Whether Gus Alexander is writing about the dome, the Cambridge Cattle Market Development or his experiences on small-scale building contracts, he seems to put my thoughts into words nearly every time.

His latest piece about poor road signage in this country (29 October, page 27) again hit the mark. Every time we go to France I envy their clean smart signage. More often than not the road signs are on a single cast aluminium pole, dead upright, with the horizontal sign supported elegantly about two-thirds of the way along at just the right height for the motorist. When you hit a town you are led, without stress, to your destination from one junction to the next.

Compare this with where I live and my heart sinks. Crooked signs seem to be the norm.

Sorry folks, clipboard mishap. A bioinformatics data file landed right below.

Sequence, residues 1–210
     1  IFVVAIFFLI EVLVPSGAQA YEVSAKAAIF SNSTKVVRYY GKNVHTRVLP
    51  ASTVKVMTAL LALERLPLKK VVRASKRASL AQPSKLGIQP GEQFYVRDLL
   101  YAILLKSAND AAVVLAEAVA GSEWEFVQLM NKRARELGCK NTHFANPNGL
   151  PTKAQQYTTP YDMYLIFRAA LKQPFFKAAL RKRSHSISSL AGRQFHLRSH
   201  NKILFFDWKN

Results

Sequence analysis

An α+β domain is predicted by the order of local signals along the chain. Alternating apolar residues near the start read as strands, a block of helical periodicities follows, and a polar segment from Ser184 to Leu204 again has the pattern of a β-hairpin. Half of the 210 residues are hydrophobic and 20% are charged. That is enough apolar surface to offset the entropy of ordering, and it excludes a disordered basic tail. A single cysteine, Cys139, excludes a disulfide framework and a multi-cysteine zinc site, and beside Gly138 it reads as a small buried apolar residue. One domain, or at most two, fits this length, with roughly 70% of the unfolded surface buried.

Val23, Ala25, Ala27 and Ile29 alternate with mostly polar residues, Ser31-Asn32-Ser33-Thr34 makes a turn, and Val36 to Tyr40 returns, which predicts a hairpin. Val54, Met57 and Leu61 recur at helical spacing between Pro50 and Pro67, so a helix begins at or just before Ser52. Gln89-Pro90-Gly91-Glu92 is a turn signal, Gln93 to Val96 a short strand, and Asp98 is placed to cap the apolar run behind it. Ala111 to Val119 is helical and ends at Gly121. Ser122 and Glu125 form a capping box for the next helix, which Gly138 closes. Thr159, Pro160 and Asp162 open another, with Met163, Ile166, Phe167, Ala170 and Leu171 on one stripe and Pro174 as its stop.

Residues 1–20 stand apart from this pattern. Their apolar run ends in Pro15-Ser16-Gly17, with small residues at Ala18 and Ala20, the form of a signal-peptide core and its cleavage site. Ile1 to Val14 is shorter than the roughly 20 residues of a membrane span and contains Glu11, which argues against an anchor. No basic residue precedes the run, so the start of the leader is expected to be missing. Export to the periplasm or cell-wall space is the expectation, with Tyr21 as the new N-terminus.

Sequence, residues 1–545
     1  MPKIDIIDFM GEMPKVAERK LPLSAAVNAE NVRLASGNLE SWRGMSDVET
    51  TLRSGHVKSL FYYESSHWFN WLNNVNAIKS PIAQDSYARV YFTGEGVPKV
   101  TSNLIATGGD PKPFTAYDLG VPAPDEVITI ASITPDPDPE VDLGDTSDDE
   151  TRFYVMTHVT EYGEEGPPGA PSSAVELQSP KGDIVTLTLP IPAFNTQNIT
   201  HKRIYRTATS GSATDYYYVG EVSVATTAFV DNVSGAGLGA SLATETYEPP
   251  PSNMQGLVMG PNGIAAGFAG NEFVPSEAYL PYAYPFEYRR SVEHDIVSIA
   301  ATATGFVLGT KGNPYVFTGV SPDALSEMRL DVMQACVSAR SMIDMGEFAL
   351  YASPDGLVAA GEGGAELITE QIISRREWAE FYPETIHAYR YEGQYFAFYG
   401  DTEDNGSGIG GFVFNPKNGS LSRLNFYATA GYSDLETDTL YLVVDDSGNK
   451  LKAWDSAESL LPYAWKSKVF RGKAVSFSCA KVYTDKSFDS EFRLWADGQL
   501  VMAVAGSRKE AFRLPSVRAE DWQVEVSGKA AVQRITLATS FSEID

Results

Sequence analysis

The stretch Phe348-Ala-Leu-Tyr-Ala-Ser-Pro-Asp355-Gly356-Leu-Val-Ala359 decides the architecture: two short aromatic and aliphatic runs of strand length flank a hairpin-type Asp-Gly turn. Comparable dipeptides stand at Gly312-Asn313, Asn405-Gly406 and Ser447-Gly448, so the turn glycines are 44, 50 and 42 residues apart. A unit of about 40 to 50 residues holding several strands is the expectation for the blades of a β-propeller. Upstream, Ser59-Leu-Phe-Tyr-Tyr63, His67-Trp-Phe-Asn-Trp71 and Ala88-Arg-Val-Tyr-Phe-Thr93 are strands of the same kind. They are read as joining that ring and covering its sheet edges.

Often supported on two steel poles, it is rare to see both poles parallel let alone upright. Having spent a great deal of my working life wandering about building sites eyeing up plaster reveals, frames and such like, checking for vertical, it is something akin to a chef looking at a flat souffle for me to see a bent sign. Added to this is the missing link syndrome – when you arrive at the third roundabout and find that the destination sign that you have been following suddenly disappears.

The fact is that the French do seem to have stolen a march on us with their transport system. I was brought up in a family that scoffed at the French as being disorganised and unreliable. But I think that my father would have been as impressed as I was this summer when, travelling along the Autoroute du Sud under a wide, new sweeping viaduct, I watched two sleek TGVs speed towards each other from either end.

The French people I have spoken to politely explain their superior system away on the need to start again from scratch after the war, but I am not convinced. In any case this does not explain the miserable, muddled signage that we still put up long after there was any danger of the Germans invading us.

Edward Thackray, Soham, Cambridgeshire